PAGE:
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10.09.2011 – Sarah Lester – Dextro Energy ITU Triathlon World Championships 2011 race report



Sarah Lester

Dextro Energy ITU Triathlon World Championships 2011

Beijing, China – home of the 2008 Olympic Games and now, in 2011, on exactly the same course as the Olympic Games, Beijing was to host the 2011 Dextro Energy ITU Triathlon World Championships. To say Beijing is a bit misleading however. The location of the triathlon was more like a 2 hour drive from Beijing and set amongst the mountains of the Ming Tombs precinct. This was “real” China.

I arrived Tuesday, and was due to race in the World Age Group Sprint Championships on the Saturday. Long enough prior to racing to adjust to the climate but not long enough to be subjected to too much food and the chance to get sick. The days leading into Saturday were filled with training, registration, athlete briefings, Australian team events and lots and lots of sleeping! A definite highlight was our team dinner, combining the Australian age-group team with the Australian elite team. It was an incredible opportunity to mix with the likes of Emma Snowsill and Chris McCormack and see that in actual fact, they are indeed normal people and impressively down to earth.

As the days drew closer, I have to admit to being completely preoccupied with the upcoming race. The nerves took over, the doubts crept in and every scenario possible was played out in my mind. I was getting restless, but I knew this meant I was ready to go.

Saturday 4am, my alarm went and 4.20am I left to find the athletes’ bus that would take us to race check-in. I was greeted by the best news I had had all week when I stepped outside: it was freezing cold and it was raining hard! This was Melbourne weather, this was the weather in which I’d performed above expectation in Budapest a year earlier, this was cross-country weather, this was MY weather.

Marshalling was terrifying. Every athlete looked so prepared, so fit, and so intimidating. Not only that but I couldn’t help but notice all the different sponsor logos on some of the girls’ race suits. Oh God, they must be amazing to be sponsored! I made small talk in Chinese with the Chinese marshal – those years of studying Chinese paid off in those moments. Anything to focus my mind on something other than what was about to occur.

The course was amazing, but challenging. The swim was in the Ming Tombs reservoir, in 26-degree water (no wetsuit). The 2 lap, 21.96km bike course was hard and technical as it looped around the perimeter of the reservoir, undulating and with lots of twists and turns. There was a killer hill on each lap that even had the elites talking about the “toughness” of the course. The run was flat and fast as we ran the full 5km on the famous blue carpet.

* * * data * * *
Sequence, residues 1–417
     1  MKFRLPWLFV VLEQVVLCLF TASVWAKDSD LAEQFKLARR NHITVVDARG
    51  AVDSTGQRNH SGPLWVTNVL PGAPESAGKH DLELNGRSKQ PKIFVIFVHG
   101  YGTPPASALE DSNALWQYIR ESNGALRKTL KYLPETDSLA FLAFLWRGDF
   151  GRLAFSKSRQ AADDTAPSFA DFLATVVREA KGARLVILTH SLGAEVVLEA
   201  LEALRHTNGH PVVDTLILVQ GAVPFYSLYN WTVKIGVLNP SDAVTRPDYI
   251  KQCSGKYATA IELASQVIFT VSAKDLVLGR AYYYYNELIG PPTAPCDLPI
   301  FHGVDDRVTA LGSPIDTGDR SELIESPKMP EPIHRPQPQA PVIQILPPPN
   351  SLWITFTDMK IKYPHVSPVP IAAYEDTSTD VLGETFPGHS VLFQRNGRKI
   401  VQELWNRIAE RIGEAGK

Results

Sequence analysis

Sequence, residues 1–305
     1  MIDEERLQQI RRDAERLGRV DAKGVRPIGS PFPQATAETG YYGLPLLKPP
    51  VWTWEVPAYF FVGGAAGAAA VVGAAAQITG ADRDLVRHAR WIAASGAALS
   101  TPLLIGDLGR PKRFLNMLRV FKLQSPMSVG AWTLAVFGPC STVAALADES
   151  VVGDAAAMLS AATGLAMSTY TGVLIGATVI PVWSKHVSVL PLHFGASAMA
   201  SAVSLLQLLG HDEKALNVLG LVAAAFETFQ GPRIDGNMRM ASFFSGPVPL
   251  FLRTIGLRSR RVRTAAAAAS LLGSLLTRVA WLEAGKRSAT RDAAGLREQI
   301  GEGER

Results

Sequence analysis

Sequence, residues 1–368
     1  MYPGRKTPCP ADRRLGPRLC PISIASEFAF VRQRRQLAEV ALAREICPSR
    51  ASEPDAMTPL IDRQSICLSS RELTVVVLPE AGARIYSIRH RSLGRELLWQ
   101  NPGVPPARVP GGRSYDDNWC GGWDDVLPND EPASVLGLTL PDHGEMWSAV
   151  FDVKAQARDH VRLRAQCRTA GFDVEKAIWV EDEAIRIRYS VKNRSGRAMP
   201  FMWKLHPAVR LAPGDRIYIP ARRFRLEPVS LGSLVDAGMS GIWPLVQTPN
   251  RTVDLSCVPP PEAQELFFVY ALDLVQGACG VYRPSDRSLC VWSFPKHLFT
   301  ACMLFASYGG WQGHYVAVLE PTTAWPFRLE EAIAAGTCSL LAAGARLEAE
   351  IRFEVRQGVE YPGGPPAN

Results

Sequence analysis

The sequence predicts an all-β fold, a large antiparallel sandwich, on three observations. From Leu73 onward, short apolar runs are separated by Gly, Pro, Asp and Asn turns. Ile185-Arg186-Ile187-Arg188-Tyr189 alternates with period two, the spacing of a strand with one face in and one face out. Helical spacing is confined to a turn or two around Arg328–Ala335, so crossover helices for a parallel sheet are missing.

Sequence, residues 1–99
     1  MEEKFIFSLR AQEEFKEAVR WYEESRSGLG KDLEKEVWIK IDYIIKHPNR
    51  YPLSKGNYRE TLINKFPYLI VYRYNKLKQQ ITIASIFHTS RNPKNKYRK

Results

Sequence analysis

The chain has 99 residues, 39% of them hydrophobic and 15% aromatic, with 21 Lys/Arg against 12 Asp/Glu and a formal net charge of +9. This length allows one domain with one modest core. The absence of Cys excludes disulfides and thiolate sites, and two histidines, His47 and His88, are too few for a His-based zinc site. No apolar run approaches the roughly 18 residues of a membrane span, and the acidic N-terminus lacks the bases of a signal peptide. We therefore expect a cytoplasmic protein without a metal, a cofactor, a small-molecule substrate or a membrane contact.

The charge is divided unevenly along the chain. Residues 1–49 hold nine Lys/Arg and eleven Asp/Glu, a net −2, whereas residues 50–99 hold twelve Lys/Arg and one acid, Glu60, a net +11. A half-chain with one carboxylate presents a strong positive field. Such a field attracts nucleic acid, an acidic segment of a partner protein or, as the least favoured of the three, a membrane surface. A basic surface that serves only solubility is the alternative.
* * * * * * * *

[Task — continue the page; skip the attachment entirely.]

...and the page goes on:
Of course, I had done my due diligence on the field. Essentially, I was prepared to be mid-field off the bike with nothing to do but run through the field as best I could. After all, that’s what had happened in Budapest and was what I had become accustomed to doing. I came out of the swim in about equal 6th and a minute down on the lead pack, which included a Brazilian, an Irish, a couple of GB athletes, USA and a Canadian was right with me. I was thrilled. The 5.30am starts in an outdoor pool through the freezing Melbourne winter had paid off. But now there was a lot of work to do as we set out on the 22km, very hilly and technical bike course in torrential rain. Within 5km, I had ridden through all but the Irish and the Brazilian. At 6km I did a double take. Was that the Brazilian girl just ahead of me? In all the scenarios I’d played in my head, none had had me catching her this soon. I rode past her as hard as I could, knowing that every second I could get away from her was another second she’d have to chase down on the run. I came into T2 with one of the Canadians and almost stopped in shock. There was only one bike racked ahead of us. I was in a medal position after the bike. This wasn’t what I’d planned. I’d thought I’d be further back. To be honest, it rattled me at first. I ran past the Canadian within 100m and knew the Irish girl was probably uncatchable. For the first 1km, I was almost confused. I’d never been in this position before. Every scenario I’d played in my mind had not taken this into account. I didn’t know how to run when it wasn’t the somewhat desperate catch up game I usually have to play in races given my running background. This was just unfathomable. So I just ran. I thought about all the brick track reps I’d done in the weeks leading in, and I ran. I ran 18.37 for the 5km and got the silver medal. If I thought 4th last year was hard to fathom, this was even more surreal. Even at the awards ceremony the following night, it was like living a dream. 2nd in my age group at the World Championships, that’s definitely not me.